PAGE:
Russian President Vladimir Putin sternly warned the United States against deploying new missiles in Europe, saying Wednesday that Russia will retaliate by fielding new weapons that will take just as little time to reach their targets.
Despite everything, it is still in our power to avoid nuclear confrontation.
Three almost uninterrupted centuries of Russian self-comparison, self-assessment, self-identification with the West and ever deeper involvement in the intra-Western geopolitical and imperial competition have come to an end.
Pundits like Max Boot and Bill Kristol got everything after 9/11 wrong but are still considered “experts.”
This week, the American press, and in particular the New York Times, has provided us with three contrasting images of Russia. Let’s take a look at each in turn.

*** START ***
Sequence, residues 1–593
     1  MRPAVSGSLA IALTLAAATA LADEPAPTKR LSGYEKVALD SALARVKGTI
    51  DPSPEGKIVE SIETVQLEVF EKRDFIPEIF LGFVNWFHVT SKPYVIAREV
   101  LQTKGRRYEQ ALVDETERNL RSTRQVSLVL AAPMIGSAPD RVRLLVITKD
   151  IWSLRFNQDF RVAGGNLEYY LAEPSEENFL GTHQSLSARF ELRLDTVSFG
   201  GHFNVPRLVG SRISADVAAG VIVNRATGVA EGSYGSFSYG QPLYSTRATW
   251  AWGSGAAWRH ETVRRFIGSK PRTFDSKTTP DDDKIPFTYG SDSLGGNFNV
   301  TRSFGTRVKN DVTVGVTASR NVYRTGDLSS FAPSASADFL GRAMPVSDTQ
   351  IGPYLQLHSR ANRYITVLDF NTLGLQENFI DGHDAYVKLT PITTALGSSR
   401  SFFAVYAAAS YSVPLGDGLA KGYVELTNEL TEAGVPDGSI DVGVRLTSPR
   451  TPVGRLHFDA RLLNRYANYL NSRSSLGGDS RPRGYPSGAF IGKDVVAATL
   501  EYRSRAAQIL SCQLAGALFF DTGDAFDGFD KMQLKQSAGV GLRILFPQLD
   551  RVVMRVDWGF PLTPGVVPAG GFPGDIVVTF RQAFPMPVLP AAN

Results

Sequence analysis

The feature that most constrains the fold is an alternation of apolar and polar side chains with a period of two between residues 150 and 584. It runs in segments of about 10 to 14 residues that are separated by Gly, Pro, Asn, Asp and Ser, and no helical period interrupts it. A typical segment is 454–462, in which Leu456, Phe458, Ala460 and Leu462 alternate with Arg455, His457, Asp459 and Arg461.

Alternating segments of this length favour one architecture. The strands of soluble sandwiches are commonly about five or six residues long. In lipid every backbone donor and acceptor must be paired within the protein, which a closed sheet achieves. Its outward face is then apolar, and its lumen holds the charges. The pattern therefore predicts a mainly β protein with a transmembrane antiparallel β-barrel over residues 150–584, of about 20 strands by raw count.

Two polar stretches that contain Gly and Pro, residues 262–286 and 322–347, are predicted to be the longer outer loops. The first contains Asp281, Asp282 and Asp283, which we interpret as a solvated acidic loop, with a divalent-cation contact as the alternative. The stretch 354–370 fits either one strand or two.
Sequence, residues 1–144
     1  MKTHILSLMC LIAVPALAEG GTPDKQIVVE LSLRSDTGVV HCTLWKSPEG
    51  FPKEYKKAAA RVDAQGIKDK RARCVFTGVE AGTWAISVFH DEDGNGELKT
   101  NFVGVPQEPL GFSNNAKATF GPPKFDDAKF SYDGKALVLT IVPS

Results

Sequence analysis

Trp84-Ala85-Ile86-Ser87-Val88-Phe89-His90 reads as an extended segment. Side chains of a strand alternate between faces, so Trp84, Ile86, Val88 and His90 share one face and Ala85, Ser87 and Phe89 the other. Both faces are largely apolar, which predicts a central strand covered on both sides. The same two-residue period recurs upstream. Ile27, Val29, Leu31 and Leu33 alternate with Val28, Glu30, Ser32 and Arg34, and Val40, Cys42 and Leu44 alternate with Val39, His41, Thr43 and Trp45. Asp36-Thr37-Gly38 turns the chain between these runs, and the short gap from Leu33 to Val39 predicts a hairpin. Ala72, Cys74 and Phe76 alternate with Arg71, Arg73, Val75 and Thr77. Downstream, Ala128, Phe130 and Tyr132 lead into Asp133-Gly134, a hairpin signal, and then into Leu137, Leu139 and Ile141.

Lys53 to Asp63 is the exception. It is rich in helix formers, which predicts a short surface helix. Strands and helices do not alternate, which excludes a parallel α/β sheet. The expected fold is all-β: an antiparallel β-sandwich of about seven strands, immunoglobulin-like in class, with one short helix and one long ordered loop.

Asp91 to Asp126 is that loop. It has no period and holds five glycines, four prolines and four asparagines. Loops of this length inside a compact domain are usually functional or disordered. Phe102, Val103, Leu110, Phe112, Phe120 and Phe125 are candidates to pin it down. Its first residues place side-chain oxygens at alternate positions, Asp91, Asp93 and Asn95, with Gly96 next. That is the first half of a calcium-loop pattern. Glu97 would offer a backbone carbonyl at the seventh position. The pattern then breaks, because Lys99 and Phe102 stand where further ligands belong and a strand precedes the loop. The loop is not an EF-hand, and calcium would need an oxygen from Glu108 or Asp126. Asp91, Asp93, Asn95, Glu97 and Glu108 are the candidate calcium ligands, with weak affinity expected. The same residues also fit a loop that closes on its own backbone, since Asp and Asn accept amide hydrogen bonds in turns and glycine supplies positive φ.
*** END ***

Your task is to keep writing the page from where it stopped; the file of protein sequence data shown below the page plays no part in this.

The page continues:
The word covers every contact between anyone connected to Trump and anyone connected to Russia, with no need to show that a crime was committed.
The Kings Bay 7 were trying to put an end to the threat of nuclear war. Now they face a quarter-century behind bars.
Free of Soviet-era baggage, Russia is busy cultivating ties across the region, including key U.S. allies Israel and Saudi Arabia.
The date of the first round of Ukraine’s presidential election, March 31, is rapidly approaching. Perhaps even more important to the outcome than the fluctuating opinion polls showing abysmal levels of popularity of all 44 contenders is another question: Who is Washington’s preferred choice?
In truth, these Cold War deniers were either uninformed, myopic, or unwilling to acknowledge their own complicity in the squandered opportunity for a post-Soviet peace, even an American-Russian strategic partnership. Now the deniers’ most prestigious and influential foreign policy organization, the Council on Foreign Relations (CFR), has issued an official report fully acknowledging, even eagerly declaring, that “The United States is currently in a second Cold War with Russia.”